Most people, whether they are aware of it or not, are close to a survivor of sexual violence, according to SAFE Berks.
Sexual assault is more common than many people realize, said Meghan Sager of the nonprofit, 255 Chestnut St. According to the Rape, Abuse and Incest National Network, she said, one in three women and one in six men will suffer sexual violence in their lifetimes.
SAFE Berks offers emergency shelter from physically or sexually abusive situations, counseling, legal support and other services.
"An average of 293,066 individuals ages 12 or older are victims of sexual assault each year in the U.S.," she said. “This means a sexual assault occurs every 98 seconds in this country."
Sager is coordinator of a newly launched countywide Sexual Assault Response Team, or SART.
A joint project of SAFE Berks and the county district attorney's office, the team is designed to help survivors navigate the medical, emotional and legal issues associated with sexual violence and assault crimes.
Working closely with SAFE Berks is a logical partnership for his office, District Attorney John T. Adams said.
“Our office recognizes the importance of having a multidisciplinary approach to the investigation of sexual abuse and that is what the SART team provides,” he said. “When a victim’s emotional and physical well-being is cared for, it makes our job of providing justice for them easier.”
Despite being one of the most invasive and traumatic experiences an individual can have, sexual assault is one of the most underreported crimes, Sager said, noting less than a quarter of every 1,000 incidents are reported.
“We aim to eliminate the stigma and stereotypes that still cause many victims of sexual and interpersonal violence to suffer in silence,” Beth Garrigan, CEO of SAFE Berks, said.
Many victims decide not to report sexual assault due to the actual or perceived stigma associated with sexual violence, she said, and the false perception that the victims were somehow responsible for the crimes committed against them.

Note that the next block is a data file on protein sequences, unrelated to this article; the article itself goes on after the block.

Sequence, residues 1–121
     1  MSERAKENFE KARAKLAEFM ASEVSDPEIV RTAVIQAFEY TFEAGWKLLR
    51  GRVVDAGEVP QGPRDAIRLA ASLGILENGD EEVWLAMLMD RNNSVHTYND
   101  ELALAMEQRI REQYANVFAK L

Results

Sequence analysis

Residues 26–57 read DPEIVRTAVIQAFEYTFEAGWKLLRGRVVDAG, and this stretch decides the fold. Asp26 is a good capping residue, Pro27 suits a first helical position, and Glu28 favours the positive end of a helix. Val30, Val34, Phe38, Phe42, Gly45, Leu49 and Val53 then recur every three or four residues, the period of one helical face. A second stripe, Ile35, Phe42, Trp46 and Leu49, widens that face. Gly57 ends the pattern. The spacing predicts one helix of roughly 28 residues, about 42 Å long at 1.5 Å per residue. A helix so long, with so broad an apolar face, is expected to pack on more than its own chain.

Survivors sometimes fear they will not be believed or blame themselves. They also might feel embarrassment or shame. Such negative feelings can be reinforced by the public’s reaction to disclosures of sexual violence, she said. This further traumatizes victims, who have already suffered profound trauma. It also helps protect abusers, leaving them free to assault the same victim again or additional victims.
“We want victims of sexual assault to know this was not their fault, and help is available,” Garrigan said.
A coordinated response of mental health and law enforcement professionals helps minimize trauma to victims and improves investigation into sex crimes and successful prosecution of perpetrators, Sager said. The SART’s multidisciplinary approach supports a victim-centered and trauma-informed focus. This means the team aims more specifically at getting survivors the care and services they need, she said.
Trauma-informed care recognizes symptoms of trauma and acknowledges the role trauma may play in a survivor’s life, said Diane Ellis, director of legal services for SAFE Berks.
“Everyone (in the SART) is on the same page in understanding the response to trauma,” Ellis said. “For example, when victims do not immediately remember details or respond to an assault as expected, it does not mean they are lying.”
Individuals have varying reactions to trauma, she said. After a traumatic event, many survivors need several sleep cycles before they will more clearly remember the event, she said. Snippets of memory may return in bits and pieces over a period of time. This does not mean survivors are inventing or imagining details.
SART members are all trained professionals, experienced in working with victims of severe trauma, Ellis said. The team can provide victim advocates that can lead or accompany survivors every step of the way to healing and justice, from medical and mental health care through the legal system.
“I am really very optimistic about this,” she said. “It is going to make important changes for victims.”